Professional translation is a skilled art. Being able to speak two languages doesn’t automatically qualify you as a translator, though it is of course one of the fundamental requirements of the job. So why isn’t translation something that every bilingual person can do?
Firstly, we need to consider the difference between speaking a language and writing it. A person may be bilingual in that they can speak two languages, but that does not mean that their grammar and punctuation will be perfect when it comes to the written form of either language.
In the world of professional translators, there is no room for grammatical errors. Translated copy needs to be accurate and precise in terms of its grammar, spelling and punctuation – not just the translation of the individual words.
Professional translators also need to have a methodical mind-set and an eye for detail. Human translation is a lengthy task that requires focus and accuracy, often for hours at a time. Not every bilingual person is capable of such focus and many would not enjoy the work nor excel at it as a result of this. However, it is an essential part of producing accurate translations. The result is translated texts of a quality that even the leading machine translation programs are as yet incapable of matching.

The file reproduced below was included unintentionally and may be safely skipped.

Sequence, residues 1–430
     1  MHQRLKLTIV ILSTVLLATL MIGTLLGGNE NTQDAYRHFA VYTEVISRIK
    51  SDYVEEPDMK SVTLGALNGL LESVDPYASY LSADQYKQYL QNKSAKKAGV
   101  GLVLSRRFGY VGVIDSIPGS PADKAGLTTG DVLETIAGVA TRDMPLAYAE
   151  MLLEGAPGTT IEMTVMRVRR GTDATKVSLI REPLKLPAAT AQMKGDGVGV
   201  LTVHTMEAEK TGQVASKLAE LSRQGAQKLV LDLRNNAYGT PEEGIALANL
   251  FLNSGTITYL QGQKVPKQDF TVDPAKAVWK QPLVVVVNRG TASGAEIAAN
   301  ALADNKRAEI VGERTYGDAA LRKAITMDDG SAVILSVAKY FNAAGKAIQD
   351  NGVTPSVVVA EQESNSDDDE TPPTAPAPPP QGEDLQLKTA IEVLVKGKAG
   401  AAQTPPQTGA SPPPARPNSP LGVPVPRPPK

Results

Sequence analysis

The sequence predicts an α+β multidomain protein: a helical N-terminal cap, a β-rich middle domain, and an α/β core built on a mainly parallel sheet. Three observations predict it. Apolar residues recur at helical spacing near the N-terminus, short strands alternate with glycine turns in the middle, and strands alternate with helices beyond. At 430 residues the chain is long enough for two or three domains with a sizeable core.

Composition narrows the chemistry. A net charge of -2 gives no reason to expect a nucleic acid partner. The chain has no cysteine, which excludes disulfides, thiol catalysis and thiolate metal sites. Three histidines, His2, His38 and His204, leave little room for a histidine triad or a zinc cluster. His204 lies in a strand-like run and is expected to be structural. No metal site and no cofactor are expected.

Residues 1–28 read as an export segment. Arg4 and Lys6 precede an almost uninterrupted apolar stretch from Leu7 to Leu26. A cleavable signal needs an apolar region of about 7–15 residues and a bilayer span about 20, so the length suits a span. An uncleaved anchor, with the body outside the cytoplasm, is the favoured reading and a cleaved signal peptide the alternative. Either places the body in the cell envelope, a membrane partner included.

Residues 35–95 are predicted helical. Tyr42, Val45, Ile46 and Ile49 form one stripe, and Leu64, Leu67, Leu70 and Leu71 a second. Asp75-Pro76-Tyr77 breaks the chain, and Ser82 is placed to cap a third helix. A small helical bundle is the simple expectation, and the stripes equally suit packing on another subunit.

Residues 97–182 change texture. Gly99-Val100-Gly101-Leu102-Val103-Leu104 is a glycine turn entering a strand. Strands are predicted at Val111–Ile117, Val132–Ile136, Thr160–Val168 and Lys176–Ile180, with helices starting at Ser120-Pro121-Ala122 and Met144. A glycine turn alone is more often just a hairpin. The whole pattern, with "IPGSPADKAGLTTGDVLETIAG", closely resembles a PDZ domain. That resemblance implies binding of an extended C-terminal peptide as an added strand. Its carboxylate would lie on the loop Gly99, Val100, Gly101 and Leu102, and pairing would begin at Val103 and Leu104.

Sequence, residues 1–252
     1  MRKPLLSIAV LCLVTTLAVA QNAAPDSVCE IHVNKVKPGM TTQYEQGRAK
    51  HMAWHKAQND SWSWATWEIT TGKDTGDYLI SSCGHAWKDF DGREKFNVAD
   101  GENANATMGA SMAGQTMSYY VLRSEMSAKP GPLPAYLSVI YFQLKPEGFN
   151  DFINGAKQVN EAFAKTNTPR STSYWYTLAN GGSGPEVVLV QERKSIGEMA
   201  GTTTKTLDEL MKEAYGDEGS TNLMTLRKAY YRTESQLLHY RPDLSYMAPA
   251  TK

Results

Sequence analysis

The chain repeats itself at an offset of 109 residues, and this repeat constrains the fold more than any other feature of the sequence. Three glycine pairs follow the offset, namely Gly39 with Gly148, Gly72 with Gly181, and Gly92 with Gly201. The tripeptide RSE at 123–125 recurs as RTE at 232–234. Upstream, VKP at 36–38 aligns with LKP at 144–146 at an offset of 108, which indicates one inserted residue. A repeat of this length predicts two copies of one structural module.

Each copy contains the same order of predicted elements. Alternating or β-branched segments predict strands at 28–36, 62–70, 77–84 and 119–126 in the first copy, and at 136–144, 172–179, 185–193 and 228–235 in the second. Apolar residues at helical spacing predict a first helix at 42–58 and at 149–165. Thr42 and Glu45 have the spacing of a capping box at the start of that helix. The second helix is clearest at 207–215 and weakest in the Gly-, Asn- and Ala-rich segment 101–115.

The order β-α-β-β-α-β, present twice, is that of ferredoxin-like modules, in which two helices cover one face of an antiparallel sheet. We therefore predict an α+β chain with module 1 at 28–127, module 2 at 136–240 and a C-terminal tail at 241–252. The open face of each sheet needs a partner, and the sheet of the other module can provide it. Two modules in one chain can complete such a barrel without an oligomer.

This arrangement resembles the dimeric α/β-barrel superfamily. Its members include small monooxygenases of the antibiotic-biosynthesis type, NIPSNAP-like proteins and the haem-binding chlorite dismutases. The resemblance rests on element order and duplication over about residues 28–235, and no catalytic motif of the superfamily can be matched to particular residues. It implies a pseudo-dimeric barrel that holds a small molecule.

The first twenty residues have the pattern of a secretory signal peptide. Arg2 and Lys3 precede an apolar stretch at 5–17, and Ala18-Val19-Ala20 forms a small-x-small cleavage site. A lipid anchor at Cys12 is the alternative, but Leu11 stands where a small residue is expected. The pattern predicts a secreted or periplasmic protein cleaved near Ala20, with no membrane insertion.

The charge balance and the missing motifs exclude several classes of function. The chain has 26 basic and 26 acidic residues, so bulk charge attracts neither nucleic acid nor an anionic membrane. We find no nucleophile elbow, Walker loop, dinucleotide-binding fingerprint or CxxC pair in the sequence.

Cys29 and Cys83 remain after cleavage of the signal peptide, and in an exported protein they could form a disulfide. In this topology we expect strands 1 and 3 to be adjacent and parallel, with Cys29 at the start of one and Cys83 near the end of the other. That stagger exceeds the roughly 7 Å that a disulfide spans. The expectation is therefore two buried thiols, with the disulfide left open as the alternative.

The uncertainties of life as a professional translator also need to be factored in. Translation tends to be a freelance career, without the stability of regular pay-checks at the end of each month or of set working hours. Workloads can ebb and flow. While this is an exciting and appealing prospect for many translators, the lack of stability can put some bilingual people off translating for a living, even if they have the skills required for the role.
Finally, some potential translators, despite being bilingual and having excellent linguistic abilities, may be deterred by the marketing element that many freelance translation careers now entail. In a competitive environment, translators need to market themselves in order to reach out to new clients and secure the choicest translation jobs at the best rates. For some individuals, this prospect is simply too daunting or, combined with the lack of structure and regular hours to the role, is enough to put them off considering a career in translation.
What other barriers do you perceive as being in place that prevent bilingual people from becoming professional translators? Feel free to share your ideas with us via the comments box.